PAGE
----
Dave Moulton

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« Running stop signs | Main | Group Riding »


In the early 1960s I lived in Nottingham, a part of England's Industrial Midlands area. Raleigh had a huge bicycle factory there, the size of a small city itself.

Raleigh was already showing signs of decline even back then as the working classes all over Europe switched from bicycles to autos as their mode of transport.

Nottingham was also a coal mining area, and you always knew an older coal miner by the little blue scars all over his hands, arms and face.

These were caused by cuts and knicks collected on the job; coal dust had entered the wound, it had healed over leaving a permanent blue tattoo as a reminder.

These men were some of the finest people it has ever been my privilege to meet. Beauty was not in their physical appearance, but in their character.

I drew this analogy when Brian McCoy sent me details of his Fuso for inclusion in my Bike Registry.

A 60cm. 1st Generation Fuso with the serial number 601. The picture included with his email showed a frame that had been well used, but somehow its beauty still shines through.

Brian bought the frame on Craig’s List two years ago; he stated:

“It has the original paint, which is in pretty rough condition. I am happy to have given this beautiful frame a second or possibly third or fourth life.”

My sentiments exactly. While it is highly satisfying for me to see frames I built, often owned by the original owners, and many still in pristine condition.

It is also just as satisfying to see one like this that has been well used, and is still being ridden and enjoyed. I have said many times, I built these bikes not as art objects, but to be ridden.

This bike’s beauty is not in its appearance, it is in its character. There must be several thousand of these frames and bikes gathering dust in people’s basements and garages, and there is no satisfaction in that for me.

That is the purpose behind my Bike Registry to encourage people to let these bikes out of hiding and back on the roads and streets again. That is what gives me real satisfaction.



Reader Comments (8)

What a quote Dave:

This bike’s beauty is not in its appearance, it is in its character

How may bike character be defined?

Regards from Chile,


September 12, 2010 | Unregistered CommenterRoberto

How does this bike have character? In the same way an old leather jacket can have character, or a piece of antique furniture that has hundreds of years of dirt and grime in its finish. It is how an old guitar or violin bears the wear marks from being played thousands of times.
Life gives an inanimate object character as surely as it does people, but you cannot create it artificially, although the makers of blue denim jeans try.
Also it is not to say other people who own my bikes are wrong to try to keep them in pristine condition. To do any other would be like neglecting, abusing and beating a child to build strong character.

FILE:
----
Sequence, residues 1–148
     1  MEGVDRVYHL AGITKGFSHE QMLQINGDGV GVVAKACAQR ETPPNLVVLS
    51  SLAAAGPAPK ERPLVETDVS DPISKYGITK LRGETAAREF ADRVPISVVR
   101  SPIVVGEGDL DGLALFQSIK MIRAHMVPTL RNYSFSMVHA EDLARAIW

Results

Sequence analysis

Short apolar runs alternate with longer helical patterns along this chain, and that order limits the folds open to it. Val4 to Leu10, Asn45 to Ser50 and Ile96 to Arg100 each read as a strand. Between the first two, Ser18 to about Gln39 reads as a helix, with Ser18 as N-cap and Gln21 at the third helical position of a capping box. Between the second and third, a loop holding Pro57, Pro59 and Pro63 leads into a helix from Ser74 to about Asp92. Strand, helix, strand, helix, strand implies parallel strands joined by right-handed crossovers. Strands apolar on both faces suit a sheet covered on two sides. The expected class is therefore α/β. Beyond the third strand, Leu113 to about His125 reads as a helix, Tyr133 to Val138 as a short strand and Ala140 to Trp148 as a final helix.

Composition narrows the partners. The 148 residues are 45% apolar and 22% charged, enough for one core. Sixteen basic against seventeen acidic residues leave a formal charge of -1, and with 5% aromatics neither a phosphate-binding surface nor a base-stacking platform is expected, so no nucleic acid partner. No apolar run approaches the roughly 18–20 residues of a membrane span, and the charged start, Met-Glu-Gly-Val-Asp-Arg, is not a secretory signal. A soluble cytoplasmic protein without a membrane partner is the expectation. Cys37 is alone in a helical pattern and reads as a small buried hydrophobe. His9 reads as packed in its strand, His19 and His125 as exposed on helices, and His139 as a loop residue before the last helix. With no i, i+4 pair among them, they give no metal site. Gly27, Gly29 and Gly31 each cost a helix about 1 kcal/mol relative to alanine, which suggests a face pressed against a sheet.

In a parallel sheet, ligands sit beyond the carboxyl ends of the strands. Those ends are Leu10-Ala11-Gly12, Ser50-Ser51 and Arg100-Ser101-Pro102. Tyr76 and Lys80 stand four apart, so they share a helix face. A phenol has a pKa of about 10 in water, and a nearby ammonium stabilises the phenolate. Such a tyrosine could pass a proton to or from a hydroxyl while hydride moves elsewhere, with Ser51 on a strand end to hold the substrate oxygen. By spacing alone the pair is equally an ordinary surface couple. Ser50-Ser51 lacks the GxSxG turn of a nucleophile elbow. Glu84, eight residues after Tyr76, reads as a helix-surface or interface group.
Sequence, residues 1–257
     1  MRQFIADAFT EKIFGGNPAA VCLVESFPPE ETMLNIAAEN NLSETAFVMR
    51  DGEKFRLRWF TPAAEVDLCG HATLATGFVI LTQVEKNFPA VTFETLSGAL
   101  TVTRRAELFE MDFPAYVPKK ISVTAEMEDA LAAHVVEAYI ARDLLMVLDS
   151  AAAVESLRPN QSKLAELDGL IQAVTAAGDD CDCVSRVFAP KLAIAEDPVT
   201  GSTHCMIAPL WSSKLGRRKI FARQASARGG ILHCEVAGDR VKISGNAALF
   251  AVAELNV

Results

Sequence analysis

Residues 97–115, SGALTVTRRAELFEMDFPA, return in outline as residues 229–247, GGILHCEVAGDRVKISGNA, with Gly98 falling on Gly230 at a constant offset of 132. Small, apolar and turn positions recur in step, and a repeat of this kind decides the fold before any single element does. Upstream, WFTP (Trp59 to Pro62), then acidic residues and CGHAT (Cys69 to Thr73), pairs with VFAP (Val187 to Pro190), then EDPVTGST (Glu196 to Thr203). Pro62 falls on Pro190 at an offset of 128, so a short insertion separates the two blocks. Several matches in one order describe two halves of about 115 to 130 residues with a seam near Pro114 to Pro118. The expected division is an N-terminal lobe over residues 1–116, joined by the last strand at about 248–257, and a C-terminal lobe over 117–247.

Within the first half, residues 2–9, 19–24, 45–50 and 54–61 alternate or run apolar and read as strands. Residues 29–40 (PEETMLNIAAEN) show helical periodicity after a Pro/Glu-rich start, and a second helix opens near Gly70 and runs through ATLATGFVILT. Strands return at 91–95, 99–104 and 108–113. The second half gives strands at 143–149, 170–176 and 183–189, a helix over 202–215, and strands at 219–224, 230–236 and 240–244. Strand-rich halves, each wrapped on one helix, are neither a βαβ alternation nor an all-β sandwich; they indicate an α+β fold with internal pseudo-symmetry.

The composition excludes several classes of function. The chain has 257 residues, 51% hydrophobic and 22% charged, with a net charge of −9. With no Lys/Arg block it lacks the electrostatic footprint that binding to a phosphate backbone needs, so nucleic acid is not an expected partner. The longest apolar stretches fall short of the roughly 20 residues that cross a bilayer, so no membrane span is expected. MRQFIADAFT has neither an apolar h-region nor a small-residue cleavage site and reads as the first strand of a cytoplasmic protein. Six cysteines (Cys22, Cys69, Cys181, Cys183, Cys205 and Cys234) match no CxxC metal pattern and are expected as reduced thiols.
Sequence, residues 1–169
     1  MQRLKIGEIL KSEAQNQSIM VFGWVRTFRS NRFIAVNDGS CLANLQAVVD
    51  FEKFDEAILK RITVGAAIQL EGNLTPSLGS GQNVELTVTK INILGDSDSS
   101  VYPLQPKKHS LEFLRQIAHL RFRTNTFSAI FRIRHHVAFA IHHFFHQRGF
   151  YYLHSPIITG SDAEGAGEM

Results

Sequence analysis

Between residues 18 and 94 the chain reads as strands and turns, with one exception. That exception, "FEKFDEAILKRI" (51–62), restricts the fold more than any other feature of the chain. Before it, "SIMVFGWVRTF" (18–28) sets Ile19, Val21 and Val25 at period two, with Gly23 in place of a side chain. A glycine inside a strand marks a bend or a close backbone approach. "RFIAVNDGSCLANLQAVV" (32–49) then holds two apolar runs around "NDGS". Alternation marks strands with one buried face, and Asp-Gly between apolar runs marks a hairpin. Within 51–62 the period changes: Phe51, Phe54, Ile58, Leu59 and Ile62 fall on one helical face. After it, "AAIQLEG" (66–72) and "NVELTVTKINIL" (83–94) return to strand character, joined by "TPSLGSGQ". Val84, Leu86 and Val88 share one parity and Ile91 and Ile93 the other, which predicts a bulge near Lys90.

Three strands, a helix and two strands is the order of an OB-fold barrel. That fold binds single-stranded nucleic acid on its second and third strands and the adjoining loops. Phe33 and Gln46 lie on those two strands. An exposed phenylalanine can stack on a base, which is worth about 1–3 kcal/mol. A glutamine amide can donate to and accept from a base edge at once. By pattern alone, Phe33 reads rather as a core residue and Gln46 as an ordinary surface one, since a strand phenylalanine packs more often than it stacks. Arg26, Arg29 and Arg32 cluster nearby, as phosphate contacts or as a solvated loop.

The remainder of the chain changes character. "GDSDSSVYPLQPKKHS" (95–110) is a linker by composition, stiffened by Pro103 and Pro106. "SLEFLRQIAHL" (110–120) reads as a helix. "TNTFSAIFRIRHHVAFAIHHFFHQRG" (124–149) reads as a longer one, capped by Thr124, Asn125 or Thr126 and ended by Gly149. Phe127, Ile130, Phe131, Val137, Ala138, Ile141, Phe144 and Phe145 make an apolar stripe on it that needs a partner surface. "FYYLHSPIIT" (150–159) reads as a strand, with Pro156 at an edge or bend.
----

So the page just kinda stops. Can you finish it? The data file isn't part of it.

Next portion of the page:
Neglect, abuse and punishment or for that matter the scars collected due to hard living, either destroy or build character. That is true of people and it is true of this bicycle.

September 12, 2010 | Registered CommenterDave Moulton

A bicycle’s character is not contained in the frame. A bicycle is made to be ridden, and it is incomplete without the rider.
The bike, the rider.
Together they form character. So a classy rider on a classic bike represents a history of why cycling continues to have a pull upon persons perceptive to what is real.

September 12, 2010 | Unregistered CommenterSteve

So very true. Some antique guitars are collected by people who don’t even play. Some hermetically seal them in their cases, so we can’t even hold or see them.
This drives up the price of these old instruments so high that a musician, who would love to own and play one, cannot afford to do so.
So well said Steve, just as a musical instrument needs a musician to play it, a bicycle needs a rider.

September 12, 2010 | Registered CommenterDave Moulton

I've seen camera collectors by new Liecas and put them immediately on the shelf. A complete waste. My around campus bike is a 73 Raleigh Grand Prix, gas pipe version, original paint. Using it for 18 years now. My commuter is now a 77 Raleigh Super Corse, set up fixed, new powder coat. Over 1K miles this summer. Kept all the bits should someone want it to go back. Great old solid bikes. They will be around and useful after I stop riding.

September 14, 2010 | Unregistered CommenterRalph

You're right on - bikes are meant to be ridden - not saved. Buying something new to "save it" - guitar, camera, bike, car - whatever, seems incredibly goofy to me.

I am guilty of saving a few bikes that I've ridden a zillion miles on, then semi-retired. I'm not purposely saving them, I just ride the newer ones. I do occasionally sell one off - then miss it. It's like selling off an old friend, a vehicle of memories.

Is that same as "collecting" bikes? I hope not....

September 15, 2010 | Unregistered CommenterDan O

Dave a good post
I am from Ilkeston nr Nottingham and worked at the Giant Raliegh factory finishing in 1993. I brazed some of the last frames to come out of the factory and then went on to the mig welded frames ( clumsy frames as I called them ).
I remember the great Raleigh team that won the tour de france and as a boy I dreamed of being a proffesional. Sadly I wasnt good enough but still ride my bike at a good average 19/20mph in the Peak District.
A bike is def for riding
Ive been looking for one of your frames for years. Size 53 please as Im quite small.
Have you any left ?

September 16, 2010 | Unregistered Commenterdaz h

Glad to see more of the old bikes being unearthed and cared for!

Do you have any idea how many touring bikes you built? Or was it just that one gorgeous yellow one?


September 18, 2010 | Unregistered Commenter2whls3spds

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